Oil prices "could double," increasing the U.S. price of gasoline by up to $2.75, if Iran is permitted to obtain a nuclear weapon, according to a new economic analysis by a bipartisan team of current and former government officials.
While much attention has been given to the costs of preventive military action against Iran, a new report by the Bipartisan Policy Center shows that, over time, "gasoline prices could increase by more than 70 percent," sending America "into a severe recession" and costing the country "more than five million" jobs.
"If any of the conflicts or energy disruptions that become more likely from a nuclear Iran actually occur, the energy impact and economic consequences would be more severe," the report states. "Inflation could skyrocket to almost 5 percent," leading to widespread job loss.
Authored by a team of former military leaders, economists, and lawmakers, the report examines a handful of scenarios that could result if Iran is permitted to obtain a nuclear weapon. In each outcome, oil and gasoline prices increase exponentially.
"Inaction also poses economic risks," former Democratic Sen. Charles Robb (Va.) told a group of reporters Wednesday during a discussion about the report. "Heightened expectation … and instability triggered by the consequences of a nuclear Iran would cause the price of oil to go much higher and remain high … significantly impacting the US economy."
Economic outcomes, while difficult to predict, are critical to the debate over whether America should use military action to prevent Iran from achieving a nuclear weapon, the authors said.
"We think that the expectation alone of instability and conflict that a nuclear Iran could trigger … could increase the price of oil," Michael Makovsky, director of the Bipartisan Policy Center’s Foreign Policy Project, told the audience.
In the short term, the price of a barrel of oil could surge by $11 to $27 dollars after Iran announces it has a working nuclear bomb, the report states.
"The expectation of instability and conflict that a nuclear Iran" poses would quickly lead to a 10 to 25 percent jump in global oil prices, or $11 to $27 dollars more per barrel.
Prices would increase the longer Iran threatens the greater Middle East with nuclear warfare and may lead to the loss of nearly 1 million jobs in the U.S., the report states.
"As instability and tensions remain high, so will prices, even rising, during the next several years, reaching levels of as much as 30 to 50 percent, or $30 to $55 per barrel, higher," the report states. "Within three years, U.S. gasoline prices could increase by over 30 percent, which equates to roughly paying an additional $1.40 per gallon at the pump."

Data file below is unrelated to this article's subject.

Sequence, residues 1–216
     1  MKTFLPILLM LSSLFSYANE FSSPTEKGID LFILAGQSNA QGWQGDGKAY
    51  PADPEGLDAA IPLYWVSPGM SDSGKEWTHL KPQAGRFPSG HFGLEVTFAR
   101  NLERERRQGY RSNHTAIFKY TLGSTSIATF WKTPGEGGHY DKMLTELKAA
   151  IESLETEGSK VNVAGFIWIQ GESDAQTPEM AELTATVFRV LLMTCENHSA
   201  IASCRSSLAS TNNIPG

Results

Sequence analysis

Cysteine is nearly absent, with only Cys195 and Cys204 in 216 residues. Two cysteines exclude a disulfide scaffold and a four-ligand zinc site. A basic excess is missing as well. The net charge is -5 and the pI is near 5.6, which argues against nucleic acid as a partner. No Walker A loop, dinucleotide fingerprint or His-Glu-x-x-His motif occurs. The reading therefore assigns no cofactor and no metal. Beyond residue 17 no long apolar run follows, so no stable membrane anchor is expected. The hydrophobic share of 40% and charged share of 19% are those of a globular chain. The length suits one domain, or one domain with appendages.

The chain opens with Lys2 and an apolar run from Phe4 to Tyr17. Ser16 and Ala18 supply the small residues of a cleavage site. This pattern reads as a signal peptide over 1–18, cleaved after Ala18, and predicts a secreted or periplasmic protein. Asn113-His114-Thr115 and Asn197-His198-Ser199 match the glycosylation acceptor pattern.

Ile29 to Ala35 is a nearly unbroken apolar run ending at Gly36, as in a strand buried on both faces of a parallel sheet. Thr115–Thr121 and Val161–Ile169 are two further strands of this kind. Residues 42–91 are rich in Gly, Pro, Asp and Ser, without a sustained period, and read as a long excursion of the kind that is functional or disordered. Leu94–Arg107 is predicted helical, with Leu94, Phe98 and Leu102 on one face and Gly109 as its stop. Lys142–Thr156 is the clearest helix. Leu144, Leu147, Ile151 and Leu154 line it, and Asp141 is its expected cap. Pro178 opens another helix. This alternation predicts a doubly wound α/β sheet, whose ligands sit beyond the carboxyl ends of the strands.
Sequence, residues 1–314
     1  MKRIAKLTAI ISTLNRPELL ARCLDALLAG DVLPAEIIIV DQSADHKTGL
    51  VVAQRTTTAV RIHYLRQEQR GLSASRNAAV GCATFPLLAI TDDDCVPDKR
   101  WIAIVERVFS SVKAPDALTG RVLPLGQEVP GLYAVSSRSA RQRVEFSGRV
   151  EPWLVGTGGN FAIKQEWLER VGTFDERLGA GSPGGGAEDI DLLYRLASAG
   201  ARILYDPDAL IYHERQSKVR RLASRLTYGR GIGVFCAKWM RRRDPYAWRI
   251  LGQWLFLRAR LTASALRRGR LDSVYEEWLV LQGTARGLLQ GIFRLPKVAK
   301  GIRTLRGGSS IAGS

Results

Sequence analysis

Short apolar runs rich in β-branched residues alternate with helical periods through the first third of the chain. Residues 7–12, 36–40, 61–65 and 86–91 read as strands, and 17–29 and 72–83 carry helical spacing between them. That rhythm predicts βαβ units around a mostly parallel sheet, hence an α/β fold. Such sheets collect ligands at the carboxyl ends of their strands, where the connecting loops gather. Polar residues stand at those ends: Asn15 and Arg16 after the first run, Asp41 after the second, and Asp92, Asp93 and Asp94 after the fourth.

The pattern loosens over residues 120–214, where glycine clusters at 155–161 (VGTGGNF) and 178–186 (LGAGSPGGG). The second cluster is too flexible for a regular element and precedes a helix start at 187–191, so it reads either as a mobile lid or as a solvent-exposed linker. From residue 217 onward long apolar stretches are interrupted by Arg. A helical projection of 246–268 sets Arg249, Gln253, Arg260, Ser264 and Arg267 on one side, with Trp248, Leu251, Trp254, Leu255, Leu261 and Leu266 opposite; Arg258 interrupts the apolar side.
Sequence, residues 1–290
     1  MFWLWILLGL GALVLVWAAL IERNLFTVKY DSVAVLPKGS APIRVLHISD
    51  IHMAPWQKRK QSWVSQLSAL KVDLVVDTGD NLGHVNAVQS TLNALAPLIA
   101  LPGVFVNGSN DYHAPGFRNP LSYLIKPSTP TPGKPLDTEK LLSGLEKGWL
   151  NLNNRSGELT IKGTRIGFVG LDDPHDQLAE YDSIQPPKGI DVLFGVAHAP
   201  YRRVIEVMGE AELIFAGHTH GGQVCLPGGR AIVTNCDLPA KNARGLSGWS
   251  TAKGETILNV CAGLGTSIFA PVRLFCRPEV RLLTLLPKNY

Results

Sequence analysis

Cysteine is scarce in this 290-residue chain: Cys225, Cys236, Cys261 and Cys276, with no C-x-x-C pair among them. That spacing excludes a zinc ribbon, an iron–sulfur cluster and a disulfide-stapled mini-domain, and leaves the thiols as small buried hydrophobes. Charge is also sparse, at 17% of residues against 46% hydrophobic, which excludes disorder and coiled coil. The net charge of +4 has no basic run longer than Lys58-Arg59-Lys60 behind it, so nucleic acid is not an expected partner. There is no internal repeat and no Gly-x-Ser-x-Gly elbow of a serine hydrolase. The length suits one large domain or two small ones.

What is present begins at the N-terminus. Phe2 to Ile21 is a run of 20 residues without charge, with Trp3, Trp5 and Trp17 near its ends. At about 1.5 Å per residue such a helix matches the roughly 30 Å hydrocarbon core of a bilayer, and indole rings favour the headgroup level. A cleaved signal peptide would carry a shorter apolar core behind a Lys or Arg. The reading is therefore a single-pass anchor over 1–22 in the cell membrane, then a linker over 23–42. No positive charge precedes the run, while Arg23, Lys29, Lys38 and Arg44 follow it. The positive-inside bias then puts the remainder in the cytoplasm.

Due to the massive price increase, "both inflation and unemployment would be projected to rise by 1 percent, which equates to a loss of more than one million jobs," the report says.
Further tensions, such as those between Iran and Saudi Arabia—one of the world’s largest producers of oil—could only exacerbate the economic woes.
"There’s an ongoing competition between the Iranians and the Saudis," said Dennis Ross, a former Middle East adviser to President Obama. "The Saudis have made it clear: If the Iranian acquire this weapon, they will."
A nuclear arms race or even potential conflict "would create a new reality in the region," Ross said, creating the "potential for much greater disruption down the road.
A nuclear-armed Iran could easily disrupt the flow of oil in a region that provides nearly 20 percent of the world’s daily oil supply.
By plugging the Strait of Hormuz, a vital shipping lane, oil producing countries like Saudi Arabia would be unable to circulate their product.
"If oil production or exports from the region are interrupted, the rest of the world would have an extremely difficult time replacing those supplies," the report states.
"It’s hard to imagine Iran with nuclear weapons behaving more responsibly than they are today," said Ross, who explained that the regime would use the weapon as "a shield by which they can engage in a higher degree of coercing and their proxies can engage in a higher degree of coercion."
"You run a pretty high risk once you have Iran with nuclear weapons," he said.
Supply disruptions would not be the only outcome, however. Even the notion of a nuclear Iran is enough to stimulate oil prices.
"Our analysis suggests that a nuclear Iran would heighten expectation of potential future disruptions, which should translate, if understood properly, into an increased risk premium added onto oil prices for as long as the concerns and tensions remain," the report states. "In other words, anticipation of future energy oil disruption would be priced into the market, leading to higher oil and gasoline prices."
A known sponsor of terrorism across the globe, Iran would only increase its terrorist activities if it constructs a bomb, the report argues.
"Greater Iranian influence in the region" would embolden "Iranian-sponsored terrorist groups, such as Hezbollah," possibly leading to "the further spread of radical Islamism and anti-Americanism in an already tumultuous region."
It also would reduce the "chance for Arab-Israeli peace" and prompt "greater military deployments to the region that American taxpayers will need to fund to try to deter Iranian aggression," according to the report.